JUBA: A wave of violence has swept through the Abyei region on the border between South Sudan and Sudan, resulting in the deaths of approximately 40 individuals, with many identified as civilians, over the weekend. The clashes primarily involved rival factions of the Dinka ethnic group and were fueled by a longstanding dispute over the administrative boundary where substantial tax revenue is generated from cross-border trade.
Abyei, known for its oil-rich resources, is jointly administered by both South Sudan and Sudan, both of which claim territorial rights. The recent violence, occurring on February 2 and 3, witnessed the destruction of several markets, widespread looting, and the loss of 19 civilian lives, with an additional 18 people killed in separate attacks on Sunday.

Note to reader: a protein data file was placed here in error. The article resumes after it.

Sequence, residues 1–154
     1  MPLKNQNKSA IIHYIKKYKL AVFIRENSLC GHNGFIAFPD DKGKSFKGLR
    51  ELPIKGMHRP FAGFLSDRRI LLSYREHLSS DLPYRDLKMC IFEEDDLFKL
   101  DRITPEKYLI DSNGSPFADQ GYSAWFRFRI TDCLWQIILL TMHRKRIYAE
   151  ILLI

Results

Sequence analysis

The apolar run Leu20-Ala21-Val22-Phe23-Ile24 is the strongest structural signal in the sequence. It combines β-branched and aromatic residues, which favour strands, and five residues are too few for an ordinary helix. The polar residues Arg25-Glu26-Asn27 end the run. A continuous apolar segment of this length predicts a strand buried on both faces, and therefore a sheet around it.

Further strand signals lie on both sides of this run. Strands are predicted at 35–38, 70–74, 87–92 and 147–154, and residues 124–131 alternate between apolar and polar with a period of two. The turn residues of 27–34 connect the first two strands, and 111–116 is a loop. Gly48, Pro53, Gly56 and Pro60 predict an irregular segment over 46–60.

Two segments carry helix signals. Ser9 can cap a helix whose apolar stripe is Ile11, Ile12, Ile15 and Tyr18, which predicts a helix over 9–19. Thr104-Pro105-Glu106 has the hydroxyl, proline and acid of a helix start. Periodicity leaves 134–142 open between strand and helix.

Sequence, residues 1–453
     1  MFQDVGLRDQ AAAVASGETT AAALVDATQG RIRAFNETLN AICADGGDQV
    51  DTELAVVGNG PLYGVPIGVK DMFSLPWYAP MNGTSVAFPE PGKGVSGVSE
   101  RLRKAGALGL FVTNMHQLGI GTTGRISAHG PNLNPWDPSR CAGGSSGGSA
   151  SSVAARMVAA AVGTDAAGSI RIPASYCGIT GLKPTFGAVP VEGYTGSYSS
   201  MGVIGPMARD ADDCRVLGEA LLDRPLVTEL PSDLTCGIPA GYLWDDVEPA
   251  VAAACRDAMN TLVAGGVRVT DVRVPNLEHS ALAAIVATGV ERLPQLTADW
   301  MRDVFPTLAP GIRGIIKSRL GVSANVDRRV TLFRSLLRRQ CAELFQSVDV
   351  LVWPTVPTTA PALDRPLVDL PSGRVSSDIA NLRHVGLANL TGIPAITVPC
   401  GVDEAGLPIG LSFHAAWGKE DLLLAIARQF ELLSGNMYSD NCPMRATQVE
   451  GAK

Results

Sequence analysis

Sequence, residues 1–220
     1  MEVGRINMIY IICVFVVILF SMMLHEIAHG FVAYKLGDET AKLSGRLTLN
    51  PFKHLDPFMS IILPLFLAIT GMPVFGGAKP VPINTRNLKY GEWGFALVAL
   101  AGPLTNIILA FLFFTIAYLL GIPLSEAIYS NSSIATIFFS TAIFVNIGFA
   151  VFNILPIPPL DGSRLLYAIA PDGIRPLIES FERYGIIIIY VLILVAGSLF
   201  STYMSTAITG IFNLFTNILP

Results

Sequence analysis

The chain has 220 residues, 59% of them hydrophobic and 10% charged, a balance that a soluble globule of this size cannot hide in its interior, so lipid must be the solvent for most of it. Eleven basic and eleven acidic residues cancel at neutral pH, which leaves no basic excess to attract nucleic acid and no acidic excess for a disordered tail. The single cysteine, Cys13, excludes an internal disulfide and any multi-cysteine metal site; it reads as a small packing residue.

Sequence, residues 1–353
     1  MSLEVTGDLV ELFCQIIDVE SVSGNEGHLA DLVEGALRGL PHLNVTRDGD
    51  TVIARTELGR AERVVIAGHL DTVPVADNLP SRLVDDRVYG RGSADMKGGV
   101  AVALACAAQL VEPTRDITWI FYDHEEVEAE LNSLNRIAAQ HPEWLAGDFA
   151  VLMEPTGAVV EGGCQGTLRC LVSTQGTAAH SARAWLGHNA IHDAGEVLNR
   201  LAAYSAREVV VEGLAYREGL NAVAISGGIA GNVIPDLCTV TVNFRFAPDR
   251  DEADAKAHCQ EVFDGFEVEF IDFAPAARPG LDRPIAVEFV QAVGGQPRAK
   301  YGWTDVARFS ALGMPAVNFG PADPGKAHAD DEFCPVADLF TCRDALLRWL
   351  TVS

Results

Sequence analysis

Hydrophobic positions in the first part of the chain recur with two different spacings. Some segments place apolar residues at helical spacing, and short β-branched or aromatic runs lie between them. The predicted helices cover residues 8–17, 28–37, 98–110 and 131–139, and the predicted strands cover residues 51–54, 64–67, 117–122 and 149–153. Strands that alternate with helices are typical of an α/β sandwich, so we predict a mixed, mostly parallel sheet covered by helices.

Bulis Koch, the region’s information minister, reported that among the casualties were three children and a local staff member working for Médecins Sans Frontières (MSF). The clashes forced hundreds of people to seek refuge in the compound of the United Nations Interim Security Force for Abyei (UNISFA) peacekeeping force.
Koch pointed to the involvement of young men from neighboring Warrap state and a militia linked to rebel and spiritual leader Gai Machiek in the violence. Notably, there was no immediate response from Warrap State’s information minister, Willima Wol, MSF South Sudan, or UNISFA to requests for comment.
This recent outbreak of violence follows a similar incident in late January, where at least 54 individuals, including women, children, and two UN peacekeepers, lost their lives in attacks within the same region. The ongoing conflict has now displaced over 2,000 individuals, prompting them to seek shelter at UNISFA’s compound.
The international community remains deeply concerned about the escalating violence in the Abyei region, urging diplomatic efforts to address the underlying issues and prevent further loss of life and displacement.